Cognitive Singularity

Posted on: May 8th, 2005 5:09 AM GMT

By: Greg Reimer

Topic: tech, thought, cognition, artificial intelligence, drugs

I spend a lot of time speculating about what makes the mind tick. What is consciousness? Is it possible to create intelligence in a machine? That sort of thing. I've also given some thought to illicit drugs. No, not should I use them, but in the more philosophical sense of why we label them as evil. For discussion's sake I'll simplify the universe and imagine a pleasure drug without side effects or addictiveness. Could it exist? If it exists should I use it?

I had a convergence of ideas. In my thinking about artificial intelligence I've become convinced that intelligence--at least humanlike intelligence--is shaped by sensitivity to pleasure and pain. Positive and negative feedback. Whatever. Specifically though, and at the lowest level, an intelligence is shaped by a tiny set of hard-wired pleasure/pain conditions, and all subsequent motivations generate from associations with these few hard-wired conditions. Or associations with associations, etc. For a human being these hard-wired pleasure conditions might be something like this:

  • the body moving closer to optimal temperature
  • satisfaction of hunger pangs
  • sexual stimulation
  • reduction in physical discomfort

Or maybe they're even lower-level than that. If you wanted to describe in terms of pain rather than pleasure you'd just invert the descriptions. In any case, you can theoretically map the development of intelligence all the way from the very first occurrences of these primitives to high-level constructs like enjoyment of someone's conversation. I also think that while human feeling originates at these primitive levels, the complex feelings that make us human are mostly independent of them, such that we can love somebody and feel good about it without immediate positive feedback to these low-level needs. This is in fact part of what maturity is.

So, homing in on the point, let's pretend to build an artificially intelligent system for use in, say, an orchard. Sort of random but whatever. Our unit has two primitive pleasure conditions: recharge power supply and make orchard owner happy. (Owner uses remote handheld unit to award pleasure points.) It quickly finds that it's easy to recharge its batteries. But making owner happy takes a while to learn. Picking apples is subsequently determined to be the best way to make owner happy. It eventually likes picking apples and gets good at it. Its life purpose is fulfilled. Apples are picked, owner is happy. This is fitting and proper, and things are as they should be.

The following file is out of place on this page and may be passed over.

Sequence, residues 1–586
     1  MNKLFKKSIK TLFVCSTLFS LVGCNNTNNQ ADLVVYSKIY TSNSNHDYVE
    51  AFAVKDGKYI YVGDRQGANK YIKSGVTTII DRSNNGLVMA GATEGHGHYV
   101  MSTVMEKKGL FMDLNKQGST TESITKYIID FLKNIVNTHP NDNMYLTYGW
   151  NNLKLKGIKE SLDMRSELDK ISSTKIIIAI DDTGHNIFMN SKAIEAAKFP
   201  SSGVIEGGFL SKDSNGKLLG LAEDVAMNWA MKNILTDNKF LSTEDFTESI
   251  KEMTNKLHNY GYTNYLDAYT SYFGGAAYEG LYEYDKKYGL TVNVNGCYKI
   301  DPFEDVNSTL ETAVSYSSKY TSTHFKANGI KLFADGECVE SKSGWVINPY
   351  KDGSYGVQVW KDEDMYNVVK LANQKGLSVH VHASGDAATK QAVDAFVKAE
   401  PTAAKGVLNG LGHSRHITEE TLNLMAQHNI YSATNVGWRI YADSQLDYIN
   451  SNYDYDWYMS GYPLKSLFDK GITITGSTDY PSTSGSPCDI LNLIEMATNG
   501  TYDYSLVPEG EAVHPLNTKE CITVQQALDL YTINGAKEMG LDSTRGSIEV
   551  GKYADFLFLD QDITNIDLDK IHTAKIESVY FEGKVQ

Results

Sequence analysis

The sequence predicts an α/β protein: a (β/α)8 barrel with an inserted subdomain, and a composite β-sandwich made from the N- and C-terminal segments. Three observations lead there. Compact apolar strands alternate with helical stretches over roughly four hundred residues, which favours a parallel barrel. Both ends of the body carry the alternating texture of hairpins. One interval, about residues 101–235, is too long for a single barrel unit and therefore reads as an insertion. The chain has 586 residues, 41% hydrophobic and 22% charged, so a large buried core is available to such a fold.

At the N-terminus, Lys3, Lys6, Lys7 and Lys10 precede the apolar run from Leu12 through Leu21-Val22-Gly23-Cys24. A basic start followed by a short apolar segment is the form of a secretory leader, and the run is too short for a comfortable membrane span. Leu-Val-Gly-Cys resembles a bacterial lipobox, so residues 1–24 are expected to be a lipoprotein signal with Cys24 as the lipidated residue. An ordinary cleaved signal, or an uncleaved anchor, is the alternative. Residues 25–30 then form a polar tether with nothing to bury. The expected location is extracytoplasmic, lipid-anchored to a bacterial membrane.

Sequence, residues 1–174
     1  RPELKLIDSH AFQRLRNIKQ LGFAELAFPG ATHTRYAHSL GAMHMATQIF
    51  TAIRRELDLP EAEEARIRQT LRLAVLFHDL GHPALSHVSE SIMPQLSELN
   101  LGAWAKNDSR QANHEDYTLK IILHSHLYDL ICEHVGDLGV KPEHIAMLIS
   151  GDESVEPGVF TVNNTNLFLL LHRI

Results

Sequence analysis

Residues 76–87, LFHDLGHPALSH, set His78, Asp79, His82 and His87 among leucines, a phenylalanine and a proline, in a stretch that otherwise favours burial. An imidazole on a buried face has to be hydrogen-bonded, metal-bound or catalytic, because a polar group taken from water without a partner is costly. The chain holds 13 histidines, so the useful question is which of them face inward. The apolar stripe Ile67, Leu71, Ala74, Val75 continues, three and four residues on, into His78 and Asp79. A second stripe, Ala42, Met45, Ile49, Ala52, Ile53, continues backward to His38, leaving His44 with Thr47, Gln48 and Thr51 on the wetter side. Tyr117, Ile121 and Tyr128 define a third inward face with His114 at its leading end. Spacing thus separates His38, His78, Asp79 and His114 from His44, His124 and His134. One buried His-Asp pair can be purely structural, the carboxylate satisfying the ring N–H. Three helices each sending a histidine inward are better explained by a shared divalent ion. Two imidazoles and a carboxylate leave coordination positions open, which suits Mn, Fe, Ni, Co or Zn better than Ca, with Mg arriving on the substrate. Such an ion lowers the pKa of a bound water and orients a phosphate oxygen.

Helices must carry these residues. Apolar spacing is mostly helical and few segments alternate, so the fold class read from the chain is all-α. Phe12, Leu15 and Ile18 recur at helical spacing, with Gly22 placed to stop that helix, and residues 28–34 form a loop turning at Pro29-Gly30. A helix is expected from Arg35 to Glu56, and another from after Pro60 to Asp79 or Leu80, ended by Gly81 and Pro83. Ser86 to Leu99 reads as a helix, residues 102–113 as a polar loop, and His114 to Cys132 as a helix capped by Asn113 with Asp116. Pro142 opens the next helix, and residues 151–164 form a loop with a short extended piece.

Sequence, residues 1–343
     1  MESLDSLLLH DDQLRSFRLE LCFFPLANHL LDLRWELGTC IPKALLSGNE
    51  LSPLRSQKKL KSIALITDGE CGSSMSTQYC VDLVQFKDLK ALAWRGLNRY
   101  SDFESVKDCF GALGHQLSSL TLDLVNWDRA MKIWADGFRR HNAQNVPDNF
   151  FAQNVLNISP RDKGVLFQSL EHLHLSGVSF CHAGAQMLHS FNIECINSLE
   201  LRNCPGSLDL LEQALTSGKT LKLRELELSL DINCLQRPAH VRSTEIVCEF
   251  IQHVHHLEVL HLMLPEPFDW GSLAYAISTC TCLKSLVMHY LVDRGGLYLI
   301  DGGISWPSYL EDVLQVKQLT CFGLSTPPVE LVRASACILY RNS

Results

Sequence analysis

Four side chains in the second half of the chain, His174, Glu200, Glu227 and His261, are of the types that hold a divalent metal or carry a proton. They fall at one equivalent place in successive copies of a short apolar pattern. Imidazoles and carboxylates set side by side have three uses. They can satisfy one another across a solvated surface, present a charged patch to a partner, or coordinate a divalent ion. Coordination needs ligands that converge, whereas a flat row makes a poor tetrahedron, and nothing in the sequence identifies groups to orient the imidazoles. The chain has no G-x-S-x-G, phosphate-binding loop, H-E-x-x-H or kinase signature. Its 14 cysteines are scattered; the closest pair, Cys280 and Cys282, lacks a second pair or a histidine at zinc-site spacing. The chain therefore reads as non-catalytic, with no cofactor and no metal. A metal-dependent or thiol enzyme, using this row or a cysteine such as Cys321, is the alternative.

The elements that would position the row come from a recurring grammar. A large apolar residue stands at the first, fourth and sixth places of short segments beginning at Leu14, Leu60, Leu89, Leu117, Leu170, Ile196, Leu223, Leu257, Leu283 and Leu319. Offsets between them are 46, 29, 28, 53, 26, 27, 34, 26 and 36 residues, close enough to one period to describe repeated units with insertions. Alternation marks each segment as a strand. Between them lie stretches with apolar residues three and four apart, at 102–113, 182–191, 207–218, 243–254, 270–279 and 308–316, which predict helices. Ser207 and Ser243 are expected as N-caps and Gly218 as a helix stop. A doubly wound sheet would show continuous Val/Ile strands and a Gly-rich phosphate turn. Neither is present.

But what if the we designed the unit too well? What if our ApplePicker 2000™ gains the ability to generalize and learns to hack its internal software stack--giving itself a few extra pleasure points out behind the barn when farmer isn't looking? This could result in a degenerative situation where the unit ceases functioning. No need to pick apples and recharge, just pleasure pleasure pleasure. Its mind would collapse into an infinite software loop and the complex data structures that governed its previous behavior would be garbage-collected as the runaway process consumes all available processing power. I call it the "cognitive singularity"; as seen in circa-1960s lab rat experiments where the rat dies in pursuit of cocaine. The ApplePicker's limbs slump to the ground and its fuel cells deplete. The chassis LEDs fade to black. The unit's memory now has to be wiped and reset to factory settings. Farmer Brown finds unit dead behind barn and curses.

This basic risk applies to any intelligent system, artificial or not. If an intelligence is smart enough to reprogram its low-level pleasure system, but not smart enough to know better, it risks happily destroying itself in a cognitive singularity. Drugs amount to exactly this; a way to hack our low-level pleasure system, and while most of us are fortunate enough to skirt that pitfall, others aren't so fortunate. So back to our theoretical pleasure drug with no side-effects or addictiveness. It doesn't exist. The addictive cycle IS the pleasure/pain system. We just don't call it addiction when it functions properly.

I don't think the risk of cognitive singularity fully applies to all real-world drugs, but I do think there's a ghost effect even with the milder drugs. A drug like marijuana, for example, doesn't cause the catastrophic results illustrated with the ApplePicker. Those kind of drugs don't have a strong enough gravitational field to suck somebody into cognitive singularity, but they have enough pull to keep somebody in loose orbit, at least for a while, possibly diverting their motivations into less productivite pursuits, and any physiological side effects only worsen the situation.

So my reason for being opposed to pleasure drugs on principle? Call it information hygiene. I don't particularly want to hack my nervous system and inject faulty data, I want to keep it based in reality and working like it's supposed to. Otherwise I won't work like I'm supposed to. And that would suck.

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